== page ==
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WOMEN! How to exercise according to your periods.

I've spent a lot of time researching the differences between men and women when it comes to training. I've completed the Dr Stacy Simms 'Women are Not Small Men' training course and it's been a real eye opener!


As you will know, we feel differently at each stage of our menstrual cycle. If you've not noticed, then try tracking the following consistently for 2 full menstrual cycles and see the results;

  • Mood

  • Energy / Lethargy

  • Hunger

  • Cravings

  • Feeling Strong

  • Feeling Tired

  • Cramps and Pains

  • Quality of relationships

It is possible, and actually quite productive, to adapt your training program to your cycle:


The follicular phase


This is the phase of the menstrual cycle that starts after your period ends and ends with ovulation. You can track when you ovulate by buying some super cheap pee-on-ovulation-sticks from amazon, if you want.


Estrogen levels are rising during this phase, which can give you more energy and make you feel stronger. This is a good time to focus on hard intervals and other high-intensity workouts.


The luteal phase


This is the phase of the menstrual cycle that starts after ovulation and ends with the start of your next period. No tests required for when this happens!


Progesterone levels are rising during this phase, which can make you feel tired and sluggish. This is a good time to focus on lighter workouts and recovery.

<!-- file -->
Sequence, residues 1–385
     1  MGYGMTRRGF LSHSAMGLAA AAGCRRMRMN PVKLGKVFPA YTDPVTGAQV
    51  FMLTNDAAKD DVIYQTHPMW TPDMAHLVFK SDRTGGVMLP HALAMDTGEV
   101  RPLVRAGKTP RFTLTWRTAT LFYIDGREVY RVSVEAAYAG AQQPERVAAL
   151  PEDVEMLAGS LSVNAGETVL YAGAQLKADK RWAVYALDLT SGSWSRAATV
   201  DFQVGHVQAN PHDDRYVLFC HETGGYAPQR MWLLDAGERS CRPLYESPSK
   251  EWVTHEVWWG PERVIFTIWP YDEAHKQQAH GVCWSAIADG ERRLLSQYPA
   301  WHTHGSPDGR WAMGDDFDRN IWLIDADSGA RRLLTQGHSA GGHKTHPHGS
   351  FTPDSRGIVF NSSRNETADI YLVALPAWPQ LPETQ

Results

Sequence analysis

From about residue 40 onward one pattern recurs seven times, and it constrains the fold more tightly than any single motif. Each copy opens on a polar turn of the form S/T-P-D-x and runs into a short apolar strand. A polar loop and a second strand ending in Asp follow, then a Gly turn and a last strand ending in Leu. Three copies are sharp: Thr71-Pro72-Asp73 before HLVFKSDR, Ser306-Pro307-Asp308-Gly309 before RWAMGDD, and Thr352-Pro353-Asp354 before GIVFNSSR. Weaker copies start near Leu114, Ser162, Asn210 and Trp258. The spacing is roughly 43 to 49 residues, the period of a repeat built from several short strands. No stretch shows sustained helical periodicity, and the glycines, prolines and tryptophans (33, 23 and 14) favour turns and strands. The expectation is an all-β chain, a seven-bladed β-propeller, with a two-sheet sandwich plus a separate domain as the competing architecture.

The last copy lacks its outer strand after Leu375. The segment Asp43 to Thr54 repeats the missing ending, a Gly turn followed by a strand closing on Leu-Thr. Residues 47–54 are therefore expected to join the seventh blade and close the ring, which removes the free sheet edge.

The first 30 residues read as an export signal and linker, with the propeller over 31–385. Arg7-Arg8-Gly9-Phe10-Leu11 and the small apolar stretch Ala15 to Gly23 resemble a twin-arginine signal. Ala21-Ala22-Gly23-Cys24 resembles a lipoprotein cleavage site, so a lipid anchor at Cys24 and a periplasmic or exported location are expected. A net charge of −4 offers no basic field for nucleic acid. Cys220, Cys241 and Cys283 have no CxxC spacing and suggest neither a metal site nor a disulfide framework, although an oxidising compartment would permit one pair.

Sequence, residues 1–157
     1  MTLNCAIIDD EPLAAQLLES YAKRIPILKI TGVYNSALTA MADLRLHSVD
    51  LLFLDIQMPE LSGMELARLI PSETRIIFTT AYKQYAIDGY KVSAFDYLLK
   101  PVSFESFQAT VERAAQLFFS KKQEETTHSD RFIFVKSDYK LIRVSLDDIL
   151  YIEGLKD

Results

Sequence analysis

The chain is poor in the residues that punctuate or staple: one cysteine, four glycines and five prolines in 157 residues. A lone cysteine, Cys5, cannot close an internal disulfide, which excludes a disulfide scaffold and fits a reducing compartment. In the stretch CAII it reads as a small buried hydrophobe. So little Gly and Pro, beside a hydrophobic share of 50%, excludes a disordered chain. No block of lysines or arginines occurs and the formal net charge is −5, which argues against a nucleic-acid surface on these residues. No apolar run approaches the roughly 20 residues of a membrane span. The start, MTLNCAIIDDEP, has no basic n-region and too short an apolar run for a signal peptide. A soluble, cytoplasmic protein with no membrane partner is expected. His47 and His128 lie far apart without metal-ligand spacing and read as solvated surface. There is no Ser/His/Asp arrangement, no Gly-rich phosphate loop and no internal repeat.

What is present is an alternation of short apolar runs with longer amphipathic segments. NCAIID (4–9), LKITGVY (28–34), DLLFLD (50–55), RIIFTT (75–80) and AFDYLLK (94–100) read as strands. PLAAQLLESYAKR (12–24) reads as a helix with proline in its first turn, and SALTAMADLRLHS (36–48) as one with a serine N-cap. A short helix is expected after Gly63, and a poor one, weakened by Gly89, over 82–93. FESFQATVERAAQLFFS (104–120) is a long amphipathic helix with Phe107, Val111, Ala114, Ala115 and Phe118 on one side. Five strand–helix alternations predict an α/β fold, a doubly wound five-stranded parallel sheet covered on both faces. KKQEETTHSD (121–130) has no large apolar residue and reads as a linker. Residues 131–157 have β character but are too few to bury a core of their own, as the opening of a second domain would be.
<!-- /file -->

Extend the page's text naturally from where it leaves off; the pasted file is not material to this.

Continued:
During your period


This is the time of the menstrual cycle when you are bleeding.


Your body is working hard to shed the uterine lining, so it is important to listen to your body and take it easy. If you feel up to it, you can do some light exercise, but avoid hard intervals and other high-intensity workouts, save those for when you can get most bang-for-your-buck in the next phase!


Thoughts


It is important to note that everyone's body is different, so what works for you may not work for your best friend.


If you are unsure about when to do hard intervals during your menstrual cycle, it is always best to talk to a coach.


Here are some additional tips from Dr. Sims for training during your menstrual cycle:

  • Stay hydrated. It is important to stay hydrated throughout your menstrual cycle, but it is especially important during the follicular and luteal phases (from the end of your period to the point just before it starts again). Drink plenty of water and other fluids to help your body stay cool and functioning properly.

  • Fuel your body properly. Make sure you are eating a healthy diet that includes plenty of fruits, vegetables, and whole grains. This will help your body get the nutrients it needs to recover from workouts and stay healthy. There are certain foods and supplements that can help women specifically - we'll cover that in another blog.

  • Get enough sleep. Sleep is essential for recovery and overall health. Make sure you are getting at least 7-8 hours of sleep per night.

Want to know more?



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